“When these suspects said ‘charge it’ they stole more than cash and goods. They robbed unsuspecting victims of their identities too,” said NYPD Commissioner Raymond Kelly. “This was a sophisticated crime ring which met its just end through painstaking investigation by NYPD detectives and unstinting support by Queens prosecutors.”

The investigation, dubbed “Operation Plastic Pipe Line” began in September 2007 when officers from the NYPD’s Identity Theft Squad and the District Attorney’s Economic Crimes Bureau launched a joint investigation into the large scale theft of Citibank credit cards and the subsequent use of the cards in Queens and elsewhere. Court-authorized search warrants were executed last week at 17 locations, leading to the recovery of forged credit cards, credit reports, machines used to forge the cards and nearly $100,000 in cash.

“Besides draining the bank accounts of individuals throughout North America, we believe the defendants – some of whom live in California, Illinois, Maryland, Pennsylvania and Toronto – also shipped stolen or fraudulently obtained credit cards to buyers around the world and that purchases were made in such far-off places as Japan, Saudi Arabia and Dubai,” said Brown. “Particularly disturbing is that we have no way of knowing if any of these accounts have fallen into the hands of terrorists and are being used to finance their terrorist activities.”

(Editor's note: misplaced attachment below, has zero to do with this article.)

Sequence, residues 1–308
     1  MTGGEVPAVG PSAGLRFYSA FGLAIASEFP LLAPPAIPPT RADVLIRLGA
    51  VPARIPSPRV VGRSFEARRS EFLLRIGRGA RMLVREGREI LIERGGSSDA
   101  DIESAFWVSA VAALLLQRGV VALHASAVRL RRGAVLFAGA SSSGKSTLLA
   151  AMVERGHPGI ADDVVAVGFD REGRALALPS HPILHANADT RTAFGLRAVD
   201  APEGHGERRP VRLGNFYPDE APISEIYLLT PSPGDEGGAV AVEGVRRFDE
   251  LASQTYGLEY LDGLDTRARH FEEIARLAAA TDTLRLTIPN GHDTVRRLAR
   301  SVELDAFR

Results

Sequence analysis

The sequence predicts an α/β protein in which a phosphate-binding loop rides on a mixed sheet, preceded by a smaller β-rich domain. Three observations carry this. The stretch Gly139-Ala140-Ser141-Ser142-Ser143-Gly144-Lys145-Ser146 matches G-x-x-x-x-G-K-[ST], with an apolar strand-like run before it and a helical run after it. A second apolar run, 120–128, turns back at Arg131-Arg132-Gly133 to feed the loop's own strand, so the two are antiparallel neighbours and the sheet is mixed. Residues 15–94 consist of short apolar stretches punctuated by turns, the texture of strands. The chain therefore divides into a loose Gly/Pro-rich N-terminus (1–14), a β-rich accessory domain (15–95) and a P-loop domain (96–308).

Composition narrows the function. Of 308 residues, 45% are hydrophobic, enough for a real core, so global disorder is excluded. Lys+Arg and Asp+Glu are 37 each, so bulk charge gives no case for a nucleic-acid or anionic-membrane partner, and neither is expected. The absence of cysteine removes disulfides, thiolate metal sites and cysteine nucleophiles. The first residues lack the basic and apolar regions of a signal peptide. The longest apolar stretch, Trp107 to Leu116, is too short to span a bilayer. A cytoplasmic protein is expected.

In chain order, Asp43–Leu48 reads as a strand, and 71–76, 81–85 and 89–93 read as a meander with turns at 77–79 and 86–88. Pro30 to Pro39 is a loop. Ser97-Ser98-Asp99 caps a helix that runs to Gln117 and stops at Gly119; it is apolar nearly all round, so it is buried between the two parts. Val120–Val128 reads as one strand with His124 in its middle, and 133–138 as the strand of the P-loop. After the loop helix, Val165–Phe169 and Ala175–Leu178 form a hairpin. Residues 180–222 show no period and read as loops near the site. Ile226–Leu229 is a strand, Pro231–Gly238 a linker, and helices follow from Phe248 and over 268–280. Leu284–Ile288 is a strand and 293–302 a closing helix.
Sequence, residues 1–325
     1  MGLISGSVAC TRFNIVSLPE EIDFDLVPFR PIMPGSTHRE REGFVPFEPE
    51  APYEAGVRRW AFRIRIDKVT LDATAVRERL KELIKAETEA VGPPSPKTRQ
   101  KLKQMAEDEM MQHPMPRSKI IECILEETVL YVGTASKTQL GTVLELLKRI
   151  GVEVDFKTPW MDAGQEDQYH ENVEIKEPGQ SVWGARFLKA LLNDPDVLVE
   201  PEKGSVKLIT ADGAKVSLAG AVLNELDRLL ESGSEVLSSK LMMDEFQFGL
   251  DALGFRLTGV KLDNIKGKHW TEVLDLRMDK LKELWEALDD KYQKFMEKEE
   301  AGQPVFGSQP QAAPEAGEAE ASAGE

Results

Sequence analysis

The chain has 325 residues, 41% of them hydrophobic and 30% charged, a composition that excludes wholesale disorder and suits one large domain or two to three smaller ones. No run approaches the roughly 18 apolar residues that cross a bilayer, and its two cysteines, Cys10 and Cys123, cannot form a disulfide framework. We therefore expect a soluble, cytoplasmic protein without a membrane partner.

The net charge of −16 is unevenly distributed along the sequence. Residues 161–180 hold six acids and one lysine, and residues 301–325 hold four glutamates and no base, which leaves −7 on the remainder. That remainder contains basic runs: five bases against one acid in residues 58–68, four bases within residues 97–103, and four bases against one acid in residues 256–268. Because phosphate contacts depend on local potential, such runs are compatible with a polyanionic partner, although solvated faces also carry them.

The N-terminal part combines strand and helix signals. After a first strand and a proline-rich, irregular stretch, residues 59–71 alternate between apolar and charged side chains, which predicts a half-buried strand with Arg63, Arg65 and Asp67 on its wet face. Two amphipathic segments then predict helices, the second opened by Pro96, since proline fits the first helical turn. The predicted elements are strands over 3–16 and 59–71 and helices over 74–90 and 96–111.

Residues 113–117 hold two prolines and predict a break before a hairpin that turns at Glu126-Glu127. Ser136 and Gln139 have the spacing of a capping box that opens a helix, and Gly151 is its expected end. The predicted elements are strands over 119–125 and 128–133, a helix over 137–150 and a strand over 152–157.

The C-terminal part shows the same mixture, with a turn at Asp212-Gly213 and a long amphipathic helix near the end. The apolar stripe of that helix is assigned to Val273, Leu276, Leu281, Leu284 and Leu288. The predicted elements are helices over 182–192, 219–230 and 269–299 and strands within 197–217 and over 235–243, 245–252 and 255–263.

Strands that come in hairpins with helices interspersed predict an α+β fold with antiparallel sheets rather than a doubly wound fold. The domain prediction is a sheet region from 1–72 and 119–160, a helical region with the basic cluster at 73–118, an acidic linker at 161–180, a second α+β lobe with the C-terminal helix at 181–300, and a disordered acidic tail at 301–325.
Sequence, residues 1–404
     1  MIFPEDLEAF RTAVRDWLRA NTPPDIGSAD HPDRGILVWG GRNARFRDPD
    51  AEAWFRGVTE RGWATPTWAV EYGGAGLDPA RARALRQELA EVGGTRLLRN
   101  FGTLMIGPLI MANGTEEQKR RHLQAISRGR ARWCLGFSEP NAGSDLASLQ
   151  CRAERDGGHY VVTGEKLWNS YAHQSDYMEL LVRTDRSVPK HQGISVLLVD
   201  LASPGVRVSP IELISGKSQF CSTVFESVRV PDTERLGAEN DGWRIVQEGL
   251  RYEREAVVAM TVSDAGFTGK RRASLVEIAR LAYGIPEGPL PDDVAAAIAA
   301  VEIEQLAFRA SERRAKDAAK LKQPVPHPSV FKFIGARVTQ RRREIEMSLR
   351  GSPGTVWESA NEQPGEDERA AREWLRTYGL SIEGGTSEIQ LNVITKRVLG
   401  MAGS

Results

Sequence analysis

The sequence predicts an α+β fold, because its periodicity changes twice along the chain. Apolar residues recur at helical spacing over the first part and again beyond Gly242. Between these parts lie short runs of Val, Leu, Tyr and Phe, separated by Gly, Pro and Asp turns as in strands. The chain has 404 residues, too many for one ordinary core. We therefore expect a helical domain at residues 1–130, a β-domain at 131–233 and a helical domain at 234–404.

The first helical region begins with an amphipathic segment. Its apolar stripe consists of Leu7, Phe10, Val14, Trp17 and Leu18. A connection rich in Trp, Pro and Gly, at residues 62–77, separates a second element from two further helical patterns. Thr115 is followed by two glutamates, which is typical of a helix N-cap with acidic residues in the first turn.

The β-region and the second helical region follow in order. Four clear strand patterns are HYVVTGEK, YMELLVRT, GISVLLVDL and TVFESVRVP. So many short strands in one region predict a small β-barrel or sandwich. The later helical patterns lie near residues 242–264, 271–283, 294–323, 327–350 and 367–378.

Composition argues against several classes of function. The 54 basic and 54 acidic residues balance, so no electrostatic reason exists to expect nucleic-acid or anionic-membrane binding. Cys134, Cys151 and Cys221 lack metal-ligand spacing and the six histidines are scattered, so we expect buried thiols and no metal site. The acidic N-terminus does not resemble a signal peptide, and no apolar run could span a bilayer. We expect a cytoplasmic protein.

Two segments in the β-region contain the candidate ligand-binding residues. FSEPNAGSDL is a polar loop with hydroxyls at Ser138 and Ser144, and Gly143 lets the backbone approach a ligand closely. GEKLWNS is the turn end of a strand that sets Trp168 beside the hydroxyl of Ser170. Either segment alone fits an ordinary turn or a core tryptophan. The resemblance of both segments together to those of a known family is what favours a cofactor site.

Richmond Hill Man Sentenced for Rapes

17 Years in Prison for Two Area Assaults

A Richmond Hill man has been sentenced to 17 years in prison for committing two rapes, which he was linked to through DNA found by police during a search of his house during an unrelated narcotics investigation.

Peter J. Grebinger, Jr., 42, of 85-88 87th Street, was sentenced by Queens Supreme Court Justice James Griffin last Friday. He pleaded guilty to first-degree rape in April in connection with attacks he committed in Ozone Park and Hillside in 1997.

The first incident occurred on January 3, 1997 when Grebinger accosted a 33-year-old woman near 87-18 101st Avenue as she was walking to the subway at about 7:30 a.m. He forced the woman into a building where he raped her and demanded money before fleeing.